Dr. Maha  Torabi  Md image

Dr. Maha Torabi Md

200 Lothrop St Chp/Mt 3950
Pittsburgh PA 15213
412 477-7338
Medical School: Other - Unknown
Accepts Medicare: No
Participates In eRX: No
Participates In PQRS: No
Participates In EHR: No
License #: MT183484
NPI: 1700064656
Taxonomy Codes:

Request Appointment Information

Awards & Recognitions

About Us

Practice Philosophy


Medical Malpractice Cases

None Found

Medical Board Sanctions

None Found


None Found


MRI evaluation and complications of medial patellofemoral ligament reconstruction. - Clinical imaging
Medial patellofemoral ligament (MPFL) reconstruction is a relatively new surgical technique for the treatment of recurrent patellar instability and dislocation. Radiologic findings following MPFL reconstruction are not well described in the existing literature. Here, we review the anatomy and biomechanics of the MPFL, review imaging findings following double-bundle MPFL reconstruction, and show examples of complications arising from reconstruction.Copyright © 2015 Elsevier Inc. All rights reserved.
Clinical relevance and imaging features of isolated single bundle anterior cruciate tear and single bundle augmentation. - Clinical imaging
The anterior cruciate ligament (ACL) consists of two anatomic and functional bundles, the anteromedial and posterolateral bundle. Depending on the mechanism of injury, there are different injury patterns, demonstrating a wide spectrum of partial ACL tears. Single bundle partial ACL tears can be treated with augmentation. Theoretically, sparing the intact parts of the ACL may increase vascularization and proprioception and may result in better stability and improved clinical outcome for the patient. In this article, we review the anatomy and function of ACL bundles and demonstrate cases of single bundle ACL tear with subsequent augmentation.Copyright © 2013 Elsevier Inc. All rights reserved.
How to optimize the use of MRI in anatomic ACL reconstruction. - Knee surgery, sports traumatology, arthroscopy : official journal of the ESSKA
Magnetic resonance imaging (MRI) is the most current diagnostic imaging procedure for suspected ACL injuries. It is an accurate, highly sensitive and specific tool for the diagnosis of ACL tears, graft tears and associated injuries. However, it can also be used for various other aspects of anatomic ACL reconstruction.Special sequences as the oblique sagittal plane should be obtained from a parallel line to the lateral epicondyle, ensuring a proper visualization of both bundles of the ACL. Another special set of images, the oblique-coronal sequence, allows for the ACL long-axis evaluation. The coronal-oblique sequence increases the sensitivity and specificity of diagnosing isolated AM or PL bundle injuries and also helps to visualize the proximal insertion of the bundles for haemorrhage and rupture.Quantitative measurements can be taken from a proper MRI protocol, so as to determine the rupture pattern; measure insertion site size, inclination angle and autograft size; and evaluate for post-operative complications. These parameters help surgeons to objectively decide for a better graft and technique for an individualized approach and to evaluate the anatomic placement of the graft.MRI can be used in different ways, serving as a very valuable tool in anatomic ACL reconstruction. Special protocols can provide accurate visualization of the double-bundle anatomy. Objective parameters to aid in pre-operative decisions and graft's anatomic placement evaluation can be also extracted from the MR images.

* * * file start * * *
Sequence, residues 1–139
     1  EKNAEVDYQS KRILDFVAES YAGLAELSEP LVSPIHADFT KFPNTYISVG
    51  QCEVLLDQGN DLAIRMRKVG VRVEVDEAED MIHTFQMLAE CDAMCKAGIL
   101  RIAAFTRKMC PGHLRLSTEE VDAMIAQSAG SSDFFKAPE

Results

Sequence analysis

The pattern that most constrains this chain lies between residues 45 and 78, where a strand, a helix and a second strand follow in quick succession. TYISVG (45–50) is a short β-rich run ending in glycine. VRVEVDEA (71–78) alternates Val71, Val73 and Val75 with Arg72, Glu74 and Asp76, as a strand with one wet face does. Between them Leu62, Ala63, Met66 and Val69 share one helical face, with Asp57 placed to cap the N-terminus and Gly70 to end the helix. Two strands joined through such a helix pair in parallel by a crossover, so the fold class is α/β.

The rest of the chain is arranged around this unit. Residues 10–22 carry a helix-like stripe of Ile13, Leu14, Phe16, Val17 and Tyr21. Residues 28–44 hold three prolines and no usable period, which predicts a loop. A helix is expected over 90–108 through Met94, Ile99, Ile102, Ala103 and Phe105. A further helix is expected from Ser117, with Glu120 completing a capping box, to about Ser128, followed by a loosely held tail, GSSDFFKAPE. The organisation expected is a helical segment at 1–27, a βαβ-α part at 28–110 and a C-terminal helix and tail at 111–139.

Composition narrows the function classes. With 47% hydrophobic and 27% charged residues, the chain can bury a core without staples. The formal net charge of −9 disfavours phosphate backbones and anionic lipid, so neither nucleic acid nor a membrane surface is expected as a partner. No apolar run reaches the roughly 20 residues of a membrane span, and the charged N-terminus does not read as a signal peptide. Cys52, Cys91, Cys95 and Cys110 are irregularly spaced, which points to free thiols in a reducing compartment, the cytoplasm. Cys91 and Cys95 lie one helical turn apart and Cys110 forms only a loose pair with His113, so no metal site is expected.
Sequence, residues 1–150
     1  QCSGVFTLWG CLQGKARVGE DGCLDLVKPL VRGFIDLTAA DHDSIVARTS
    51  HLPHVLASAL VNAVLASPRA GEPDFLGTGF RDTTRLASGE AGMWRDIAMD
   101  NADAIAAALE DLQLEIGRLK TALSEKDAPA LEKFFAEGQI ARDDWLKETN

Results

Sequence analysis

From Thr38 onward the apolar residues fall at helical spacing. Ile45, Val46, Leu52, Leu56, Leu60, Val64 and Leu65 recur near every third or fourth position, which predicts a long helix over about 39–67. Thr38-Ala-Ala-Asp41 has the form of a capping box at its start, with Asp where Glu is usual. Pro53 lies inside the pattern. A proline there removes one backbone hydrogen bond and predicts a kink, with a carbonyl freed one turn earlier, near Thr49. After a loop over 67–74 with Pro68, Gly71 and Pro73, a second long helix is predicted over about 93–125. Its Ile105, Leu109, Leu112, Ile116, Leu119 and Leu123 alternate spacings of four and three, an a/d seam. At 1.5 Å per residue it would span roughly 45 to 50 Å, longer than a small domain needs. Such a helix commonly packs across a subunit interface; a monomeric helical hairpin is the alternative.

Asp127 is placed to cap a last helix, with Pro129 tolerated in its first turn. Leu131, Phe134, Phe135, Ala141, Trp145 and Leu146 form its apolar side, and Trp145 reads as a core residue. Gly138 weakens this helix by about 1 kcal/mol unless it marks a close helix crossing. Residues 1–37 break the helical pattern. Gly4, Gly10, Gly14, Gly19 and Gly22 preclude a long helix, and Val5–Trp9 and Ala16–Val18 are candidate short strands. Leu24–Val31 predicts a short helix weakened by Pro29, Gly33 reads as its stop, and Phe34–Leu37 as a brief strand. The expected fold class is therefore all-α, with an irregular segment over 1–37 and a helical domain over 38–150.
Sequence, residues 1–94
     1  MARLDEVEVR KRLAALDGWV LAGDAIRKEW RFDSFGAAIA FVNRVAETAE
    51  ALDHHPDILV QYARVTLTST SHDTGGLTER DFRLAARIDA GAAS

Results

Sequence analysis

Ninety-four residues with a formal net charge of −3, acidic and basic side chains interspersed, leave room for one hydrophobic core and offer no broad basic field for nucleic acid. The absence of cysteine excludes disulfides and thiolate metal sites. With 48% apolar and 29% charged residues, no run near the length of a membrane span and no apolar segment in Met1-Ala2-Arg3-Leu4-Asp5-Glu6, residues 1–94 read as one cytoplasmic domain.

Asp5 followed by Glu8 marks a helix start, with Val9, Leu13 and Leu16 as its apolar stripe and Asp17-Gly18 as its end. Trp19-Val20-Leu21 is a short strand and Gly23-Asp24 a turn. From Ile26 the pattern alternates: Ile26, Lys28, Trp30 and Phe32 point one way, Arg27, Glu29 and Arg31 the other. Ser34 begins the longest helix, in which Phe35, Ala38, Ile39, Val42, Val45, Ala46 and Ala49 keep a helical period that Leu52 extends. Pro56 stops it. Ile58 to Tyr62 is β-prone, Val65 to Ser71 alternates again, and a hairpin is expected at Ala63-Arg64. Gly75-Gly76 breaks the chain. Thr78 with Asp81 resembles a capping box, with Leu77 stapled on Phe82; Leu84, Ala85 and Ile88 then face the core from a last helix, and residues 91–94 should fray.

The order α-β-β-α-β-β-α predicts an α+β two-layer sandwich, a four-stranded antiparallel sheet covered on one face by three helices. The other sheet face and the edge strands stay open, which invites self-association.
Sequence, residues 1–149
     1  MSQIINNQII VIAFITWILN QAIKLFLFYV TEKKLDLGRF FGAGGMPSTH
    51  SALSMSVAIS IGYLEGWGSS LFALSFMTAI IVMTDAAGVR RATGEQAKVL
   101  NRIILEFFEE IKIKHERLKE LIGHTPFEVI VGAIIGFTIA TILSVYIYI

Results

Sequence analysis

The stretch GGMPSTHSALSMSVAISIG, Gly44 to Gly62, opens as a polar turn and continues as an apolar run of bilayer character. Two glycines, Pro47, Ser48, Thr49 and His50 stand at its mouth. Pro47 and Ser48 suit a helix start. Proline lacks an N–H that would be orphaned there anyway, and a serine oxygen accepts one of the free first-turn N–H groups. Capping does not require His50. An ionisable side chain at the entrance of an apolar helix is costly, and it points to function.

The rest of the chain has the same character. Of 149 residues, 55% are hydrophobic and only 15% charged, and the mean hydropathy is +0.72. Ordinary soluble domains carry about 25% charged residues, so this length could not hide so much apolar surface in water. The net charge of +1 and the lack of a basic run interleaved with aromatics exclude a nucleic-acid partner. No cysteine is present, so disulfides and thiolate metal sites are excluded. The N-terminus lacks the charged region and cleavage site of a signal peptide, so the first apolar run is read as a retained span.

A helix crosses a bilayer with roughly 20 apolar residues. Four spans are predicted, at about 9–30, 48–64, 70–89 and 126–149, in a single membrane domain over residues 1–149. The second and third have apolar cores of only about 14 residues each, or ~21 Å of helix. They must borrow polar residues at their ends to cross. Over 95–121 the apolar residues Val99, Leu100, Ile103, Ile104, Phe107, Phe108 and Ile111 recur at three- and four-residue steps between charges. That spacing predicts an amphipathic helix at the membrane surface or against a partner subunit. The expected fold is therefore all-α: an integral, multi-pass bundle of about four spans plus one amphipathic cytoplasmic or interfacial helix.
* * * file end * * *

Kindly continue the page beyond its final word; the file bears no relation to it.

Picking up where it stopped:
CT of nonneoplastic hepatic vascular and perfusion disorders. - Radiographics : a review publication of the Radiological Society of North America, Inc
The unique dual blood supply of the liver (75% portal venous, 25% hepatic arterial) makes multiphase helical computed tomography (CT) a highly suitable technique for hepatic evaluation with imaging in two (arterial and portal venous) or more phases. Multiphase helical CT has become an important tool in the detection and characterization of hepatic tumors. In some situations, hemodynamic changes might mimic neoplastic or inflammatory lesions and evoke diagnostic uncertainty. To confidently identify hepatic conditions such as venous outflow obstruction (Budd-Chiari syndrome), arterioportal shunts, hereditary hemorrhagic telangiectasia (Osler-Weber-Rendu syndrome), peliosis hepatis, passive congestion, and hepatic infarction, radiologists must be familiar with the disease-specific CT appearances and related clinical manifestations.
Pre- and postoperative evaluation of urethral diverticulum. - AJR. American journal of roentgenology
The purpose of this article is to review the diagnostic imaging findings, differential diagnosis, complications, and postoperative imaging appearance of urethral diverticulum.With increased clinical awareness and advanced imaging techniques, diagnoses of urethral diverticula are more frequent, and radiologists need to be aware of the pre- and postoperative imaging appearances of this disorder.
Ferumoxtran-10-enhanced MR lymphangiography: does contrast-enhanced imaging alone suffice for accurate lymph node characterization? - AJR. American journal of roentgenology